MUMBAI, May 14 (Reuters) - Lanco Infratech Ltd (LAIN.BO) said on Wednesday its consortium with Malaysia’s Pembinan Radzai had won rights to build the Vizhinjam Container Port project in Kerala, estimated to cost 80 billion rupees ($2 billion).
The project, proposed to be developed as a container transhipment hub, will be developed in 4 phases with a total capacity of 6.5 million twenty foot equivalent unit (TEUs), Lanco said in a statement.
The first phase would be completed in 60 months.
“In the first phase, the capacity would be 1.5 mln TEUs at a cost of 24 billion rupees. Once traffic goes up, we will add capacity in the next phase,” Sanjay Joshi, director of infrastructure, told Reuters over the telephone.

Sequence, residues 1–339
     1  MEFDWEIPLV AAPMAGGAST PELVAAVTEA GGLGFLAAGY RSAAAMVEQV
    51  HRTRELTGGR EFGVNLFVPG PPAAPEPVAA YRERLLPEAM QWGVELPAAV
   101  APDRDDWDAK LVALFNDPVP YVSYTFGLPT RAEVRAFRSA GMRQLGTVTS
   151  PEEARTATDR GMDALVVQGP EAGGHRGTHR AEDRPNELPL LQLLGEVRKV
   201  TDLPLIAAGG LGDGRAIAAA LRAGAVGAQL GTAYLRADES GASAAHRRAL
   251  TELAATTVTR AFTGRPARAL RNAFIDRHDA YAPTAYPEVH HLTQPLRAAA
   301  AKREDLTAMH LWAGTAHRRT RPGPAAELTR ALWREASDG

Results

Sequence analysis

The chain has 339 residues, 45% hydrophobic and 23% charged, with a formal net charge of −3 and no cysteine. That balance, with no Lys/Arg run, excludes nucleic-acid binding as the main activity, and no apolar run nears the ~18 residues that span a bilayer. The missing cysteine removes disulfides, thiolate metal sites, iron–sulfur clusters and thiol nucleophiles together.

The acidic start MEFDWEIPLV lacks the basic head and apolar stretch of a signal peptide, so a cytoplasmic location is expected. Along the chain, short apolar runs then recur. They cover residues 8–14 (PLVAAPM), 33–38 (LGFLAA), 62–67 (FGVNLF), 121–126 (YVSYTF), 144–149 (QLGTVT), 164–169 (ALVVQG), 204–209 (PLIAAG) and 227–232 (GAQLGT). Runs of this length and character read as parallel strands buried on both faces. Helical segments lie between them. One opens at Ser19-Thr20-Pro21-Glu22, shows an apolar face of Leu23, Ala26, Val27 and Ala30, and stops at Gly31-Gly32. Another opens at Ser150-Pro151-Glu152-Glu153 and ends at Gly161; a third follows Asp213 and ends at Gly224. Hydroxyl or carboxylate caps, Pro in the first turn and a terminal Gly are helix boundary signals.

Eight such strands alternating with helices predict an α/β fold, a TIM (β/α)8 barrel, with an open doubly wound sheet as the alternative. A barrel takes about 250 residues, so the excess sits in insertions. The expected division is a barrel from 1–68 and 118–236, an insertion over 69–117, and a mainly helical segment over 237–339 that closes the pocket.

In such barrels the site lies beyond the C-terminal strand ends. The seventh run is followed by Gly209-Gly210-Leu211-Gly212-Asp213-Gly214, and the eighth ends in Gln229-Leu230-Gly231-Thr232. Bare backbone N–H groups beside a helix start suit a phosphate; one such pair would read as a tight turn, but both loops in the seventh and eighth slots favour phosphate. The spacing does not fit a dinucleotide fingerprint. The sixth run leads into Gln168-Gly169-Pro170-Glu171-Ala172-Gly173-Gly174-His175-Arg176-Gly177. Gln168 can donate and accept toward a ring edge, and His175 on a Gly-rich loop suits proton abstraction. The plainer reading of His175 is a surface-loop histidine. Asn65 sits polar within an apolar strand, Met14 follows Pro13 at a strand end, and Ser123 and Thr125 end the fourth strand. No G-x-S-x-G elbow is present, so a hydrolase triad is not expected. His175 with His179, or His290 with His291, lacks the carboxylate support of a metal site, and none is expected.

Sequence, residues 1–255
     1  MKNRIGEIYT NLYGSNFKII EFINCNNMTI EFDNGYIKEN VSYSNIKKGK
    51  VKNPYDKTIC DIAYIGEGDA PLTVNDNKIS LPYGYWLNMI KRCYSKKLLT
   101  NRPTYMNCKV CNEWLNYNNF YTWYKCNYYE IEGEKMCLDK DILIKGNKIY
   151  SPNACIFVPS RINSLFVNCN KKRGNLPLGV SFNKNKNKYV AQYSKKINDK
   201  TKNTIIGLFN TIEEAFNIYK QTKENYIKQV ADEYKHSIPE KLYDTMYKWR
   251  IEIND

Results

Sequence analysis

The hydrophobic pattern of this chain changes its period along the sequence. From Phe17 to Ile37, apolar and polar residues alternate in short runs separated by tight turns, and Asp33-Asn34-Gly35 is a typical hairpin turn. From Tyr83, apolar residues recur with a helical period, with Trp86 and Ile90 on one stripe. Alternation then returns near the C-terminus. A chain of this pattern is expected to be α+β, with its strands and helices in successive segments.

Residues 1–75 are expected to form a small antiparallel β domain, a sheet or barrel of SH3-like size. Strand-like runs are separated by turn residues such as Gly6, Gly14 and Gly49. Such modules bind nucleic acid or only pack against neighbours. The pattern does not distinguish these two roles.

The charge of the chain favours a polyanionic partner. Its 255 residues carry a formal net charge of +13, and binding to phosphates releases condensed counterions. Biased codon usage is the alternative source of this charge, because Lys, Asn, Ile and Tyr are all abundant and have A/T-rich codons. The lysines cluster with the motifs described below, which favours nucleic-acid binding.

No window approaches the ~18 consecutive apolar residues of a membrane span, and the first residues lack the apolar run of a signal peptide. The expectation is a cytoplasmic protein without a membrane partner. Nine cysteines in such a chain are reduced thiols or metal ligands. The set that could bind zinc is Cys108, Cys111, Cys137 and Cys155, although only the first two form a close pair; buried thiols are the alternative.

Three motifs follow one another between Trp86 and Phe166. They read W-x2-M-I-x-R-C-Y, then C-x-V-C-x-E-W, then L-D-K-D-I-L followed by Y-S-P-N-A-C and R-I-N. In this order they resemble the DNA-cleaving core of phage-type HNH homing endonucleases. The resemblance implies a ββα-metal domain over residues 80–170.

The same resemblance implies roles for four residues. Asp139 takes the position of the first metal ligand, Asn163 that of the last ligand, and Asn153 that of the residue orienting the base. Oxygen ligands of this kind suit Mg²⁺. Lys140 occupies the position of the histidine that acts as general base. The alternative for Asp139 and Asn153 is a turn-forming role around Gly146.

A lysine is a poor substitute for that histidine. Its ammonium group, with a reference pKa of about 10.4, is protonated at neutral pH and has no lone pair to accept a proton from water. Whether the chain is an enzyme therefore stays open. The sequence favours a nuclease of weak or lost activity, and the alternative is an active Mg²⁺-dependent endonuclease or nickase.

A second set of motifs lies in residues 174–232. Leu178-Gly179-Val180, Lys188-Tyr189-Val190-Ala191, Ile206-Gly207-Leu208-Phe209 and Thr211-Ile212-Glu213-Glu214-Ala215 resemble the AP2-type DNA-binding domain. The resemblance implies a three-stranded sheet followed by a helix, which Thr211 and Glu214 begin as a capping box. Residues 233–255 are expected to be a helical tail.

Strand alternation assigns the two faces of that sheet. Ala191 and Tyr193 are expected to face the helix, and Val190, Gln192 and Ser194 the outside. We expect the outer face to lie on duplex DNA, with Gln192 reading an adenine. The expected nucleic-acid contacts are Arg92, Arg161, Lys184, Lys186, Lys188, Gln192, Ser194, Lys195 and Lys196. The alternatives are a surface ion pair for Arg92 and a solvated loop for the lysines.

Seventy percent of the funding of this project will be through debt and the rest through equity, Joshi said.
The company would form a special-purpose vehicle for the project, in which the Kerala government would hold a 24 percent stake.
“We will have to prepare a detailed project report and get environmental clearances, which will roughly take a year,” he said.
The Malaysian company will act as a port operator and will have a very small equity stake in the project, Joshi said.
The project site, close to the capital of the southern state of Kerala, connects to Europe, Persian Gulf, far East and would attract the container transhipment traffic meant for India, the statement said.
The project is expected to benefit Indian companies engaged in export and import as it would save foreign exchange outgo, time, costs and other transhipment risks, the release stated.
Ahead of the announcement, shares in Lanco ended at 513.80 rupees, up 10.88 percent in a firm Mumbai market. (Reporting by Prashant Mehra and Swati Pandey; Editing by Prem Udayabhanu)